Ron Taylor, the DIF&W’s engineer, who devised a spreadsheet for the project, said that as of earlier this month, $71,192 had been spent by the warden service and the department’s engineering department for supplies.

In addition, 2,155 hours were spent over an eight-month period by department personnel on the camp at a cost of $43,230. That amount does not include benefits.

Other costs include $9,400 spent in 2007 to saw and size the timber frame, an estimated $2,500 for electrical work to be done in the spring and staff time to complete the exterior finish.

When completed, Taylor estimated, the total cost of the project — which includes the pit toilet, the permitting process, the construction of the camp and a small shed, and the demolition of the old camp —will be about $130,000.

Bids were solicited for the roof and the blown insulation in accordance with the state’s rules and policies, Taylor noted. Competitive costing was done on the project, he said.

Crafts said he believes the true cost of the Baker Lake camp, if the benefits are included, is in the $175,000 range.

Whatever the cost, Davis said, “It isn’t where I would have spent the money, that’s for darn sure.” He said he would have used the funds to address the department’s ongoing budget issues, such as the lack of funds for the printing of some lawbooks and the mileage restrictions wardens are under.

He also was critical of the hours wardens spent constructing the building. “They should have been out in the field doing what they were hired to do,” he said.

The wardens who worked on the camp during the slow seasons were available if needed in the field, Wilkinson said.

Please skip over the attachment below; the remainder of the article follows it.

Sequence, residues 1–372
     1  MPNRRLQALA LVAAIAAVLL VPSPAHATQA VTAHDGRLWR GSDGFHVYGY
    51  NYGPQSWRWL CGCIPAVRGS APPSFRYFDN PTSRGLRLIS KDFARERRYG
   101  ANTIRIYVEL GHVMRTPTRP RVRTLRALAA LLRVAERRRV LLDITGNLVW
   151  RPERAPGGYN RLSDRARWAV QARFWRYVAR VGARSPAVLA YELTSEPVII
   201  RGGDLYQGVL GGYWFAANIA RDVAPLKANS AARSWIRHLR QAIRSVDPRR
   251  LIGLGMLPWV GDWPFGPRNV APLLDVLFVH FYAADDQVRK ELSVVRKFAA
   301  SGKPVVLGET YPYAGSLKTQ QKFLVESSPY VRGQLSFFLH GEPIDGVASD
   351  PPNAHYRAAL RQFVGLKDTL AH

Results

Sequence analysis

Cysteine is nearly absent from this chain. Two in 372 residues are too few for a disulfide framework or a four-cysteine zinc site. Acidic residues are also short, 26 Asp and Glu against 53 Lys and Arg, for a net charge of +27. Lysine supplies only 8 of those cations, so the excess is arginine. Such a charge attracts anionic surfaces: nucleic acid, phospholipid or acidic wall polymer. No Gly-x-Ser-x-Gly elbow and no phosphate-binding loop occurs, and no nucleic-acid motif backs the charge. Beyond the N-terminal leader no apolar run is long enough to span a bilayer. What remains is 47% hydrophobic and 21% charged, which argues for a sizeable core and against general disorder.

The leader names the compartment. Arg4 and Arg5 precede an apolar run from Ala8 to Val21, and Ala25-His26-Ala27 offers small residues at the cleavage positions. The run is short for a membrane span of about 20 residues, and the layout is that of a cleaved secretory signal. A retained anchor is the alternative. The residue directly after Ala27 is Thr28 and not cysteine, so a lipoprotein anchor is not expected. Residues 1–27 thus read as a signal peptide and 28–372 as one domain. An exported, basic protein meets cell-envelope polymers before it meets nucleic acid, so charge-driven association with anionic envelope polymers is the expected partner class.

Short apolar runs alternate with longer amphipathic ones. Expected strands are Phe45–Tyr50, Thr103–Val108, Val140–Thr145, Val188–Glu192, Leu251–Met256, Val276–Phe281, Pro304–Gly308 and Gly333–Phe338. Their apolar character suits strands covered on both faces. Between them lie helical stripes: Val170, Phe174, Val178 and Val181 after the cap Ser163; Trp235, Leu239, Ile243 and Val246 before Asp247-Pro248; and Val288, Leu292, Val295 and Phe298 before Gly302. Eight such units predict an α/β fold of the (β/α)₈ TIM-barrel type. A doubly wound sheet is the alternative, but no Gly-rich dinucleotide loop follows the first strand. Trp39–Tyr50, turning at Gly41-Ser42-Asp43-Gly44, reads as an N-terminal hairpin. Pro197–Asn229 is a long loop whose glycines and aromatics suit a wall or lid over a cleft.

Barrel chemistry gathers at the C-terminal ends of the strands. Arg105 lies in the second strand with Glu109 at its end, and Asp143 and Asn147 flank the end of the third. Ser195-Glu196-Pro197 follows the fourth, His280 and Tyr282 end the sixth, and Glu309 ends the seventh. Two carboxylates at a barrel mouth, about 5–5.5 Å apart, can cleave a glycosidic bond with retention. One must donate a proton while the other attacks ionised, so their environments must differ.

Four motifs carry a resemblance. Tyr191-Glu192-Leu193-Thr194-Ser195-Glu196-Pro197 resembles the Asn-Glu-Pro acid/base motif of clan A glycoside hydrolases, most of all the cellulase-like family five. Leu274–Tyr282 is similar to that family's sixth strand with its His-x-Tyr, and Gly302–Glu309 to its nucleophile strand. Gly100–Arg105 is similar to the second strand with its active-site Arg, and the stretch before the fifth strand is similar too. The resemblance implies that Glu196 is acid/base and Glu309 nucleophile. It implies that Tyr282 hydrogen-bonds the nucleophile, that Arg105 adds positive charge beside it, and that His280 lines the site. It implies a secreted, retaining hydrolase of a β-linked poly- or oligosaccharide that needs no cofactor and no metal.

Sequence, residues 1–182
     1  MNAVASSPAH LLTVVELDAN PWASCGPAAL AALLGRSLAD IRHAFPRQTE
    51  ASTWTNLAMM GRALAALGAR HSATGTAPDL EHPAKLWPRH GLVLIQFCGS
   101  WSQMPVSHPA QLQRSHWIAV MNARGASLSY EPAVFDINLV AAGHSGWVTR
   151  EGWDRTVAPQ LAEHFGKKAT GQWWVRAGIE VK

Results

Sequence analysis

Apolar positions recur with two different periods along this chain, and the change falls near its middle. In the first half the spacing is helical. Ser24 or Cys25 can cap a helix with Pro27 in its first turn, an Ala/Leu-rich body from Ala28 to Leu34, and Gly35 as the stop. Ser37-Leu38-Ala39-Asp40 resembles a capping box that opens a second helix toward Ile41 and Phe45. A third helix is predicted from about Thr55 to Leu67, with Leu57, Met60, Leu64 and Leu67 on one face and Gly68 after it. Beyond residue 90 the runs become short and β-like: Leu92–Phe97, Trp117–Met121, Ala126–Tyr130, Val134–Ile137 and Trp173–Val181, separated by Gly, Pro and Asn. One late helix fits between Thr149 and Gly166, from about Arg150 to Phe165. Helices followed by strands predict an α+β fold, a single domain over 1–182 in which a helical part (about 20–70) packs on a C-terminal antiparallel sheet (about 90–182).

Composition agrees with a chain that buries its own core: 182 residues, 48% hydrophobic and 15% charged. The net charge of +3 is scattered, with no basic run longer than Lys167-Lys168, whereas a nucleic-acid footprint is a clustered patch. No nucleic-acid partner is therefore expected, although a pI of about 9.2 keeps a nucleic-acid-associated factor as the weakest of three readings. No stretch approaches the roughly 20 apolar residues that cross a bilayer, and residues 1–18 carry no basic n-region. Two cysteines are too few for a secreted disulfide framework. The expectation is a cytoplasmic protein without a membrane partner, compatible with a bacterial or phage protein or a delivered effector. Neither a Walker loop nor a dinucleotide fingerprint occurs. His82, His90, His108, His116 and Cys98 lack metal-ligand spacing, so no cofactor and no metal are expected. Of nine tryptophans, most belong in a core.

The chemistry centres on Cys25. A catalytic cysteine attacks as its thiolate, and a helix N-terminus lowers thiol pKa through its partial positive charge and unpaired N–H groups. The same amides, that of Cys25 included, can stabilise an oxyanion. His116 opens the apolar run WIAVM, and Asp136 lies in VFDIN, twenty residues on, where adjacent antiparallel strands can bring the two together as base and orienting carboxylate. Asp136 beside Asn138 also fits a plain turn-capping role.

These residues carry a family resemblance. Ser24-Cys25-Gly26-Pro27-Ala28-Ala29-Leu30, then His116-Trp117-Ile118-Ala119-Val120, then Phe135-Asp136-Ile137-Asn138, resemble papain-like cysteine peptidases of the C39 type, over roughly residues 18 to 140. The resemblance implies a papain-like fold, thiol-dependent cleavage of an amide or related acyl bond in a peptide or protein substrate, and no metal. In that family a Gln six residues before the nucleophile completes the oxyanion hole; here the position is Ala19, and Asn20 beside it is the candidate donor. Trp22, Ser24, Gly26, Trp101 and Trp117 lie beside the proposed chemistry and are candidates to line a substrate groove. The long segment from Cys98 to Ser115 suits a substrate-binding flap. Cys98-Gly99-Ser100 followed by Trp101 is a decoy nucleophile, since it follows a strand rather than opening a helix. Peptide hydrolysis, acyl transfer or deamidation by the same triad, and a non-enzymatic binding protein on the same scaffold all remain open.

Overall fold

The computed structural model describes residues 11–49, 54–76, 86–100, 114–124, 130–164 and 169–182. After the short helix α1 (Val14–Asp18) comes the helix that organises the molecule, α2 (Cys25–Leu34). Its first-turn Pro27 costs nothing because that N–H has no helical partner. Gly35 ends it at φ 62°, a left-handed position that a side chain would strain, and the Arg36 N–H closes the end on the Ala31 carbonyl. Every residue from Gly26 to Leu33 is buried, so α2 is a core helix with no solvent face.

“If they needed to be in the field working on an active criminal investigation case, we never would take somebody off from that,” he said.

Between March 26 and Nov. 20 of last year, Wilkinson said game wardens worked 25 separate enforcement details in the Baker Lake region.

Having his wardens build the camp was an effort to save money, Wilkinson said, and he guessed it would have cost a lot more if the work had been farmed out.

“I am extremely proud of our staff’s efforts to improve this department facility by utilizing their talents to provide an excellent work location,” he added.

Those efforts also were applauded by other state officials. “I think Col. Wilkinson was innovative in the way he approached the repairs and bringing that up to an appropriate standard,” said David Farmer, Gov. John Baldacci’s deputy chief of staff. “We are always cognizant of the resources that we’re spending, how that money is being spent and the governor has taken a keen interest in finding as many efficiencies as possible.”

At the same time, the state has an obligation to provide proper facilities to employees who work to manage and protect the state’s multibillion-dollar natural resources industry, Farmer said.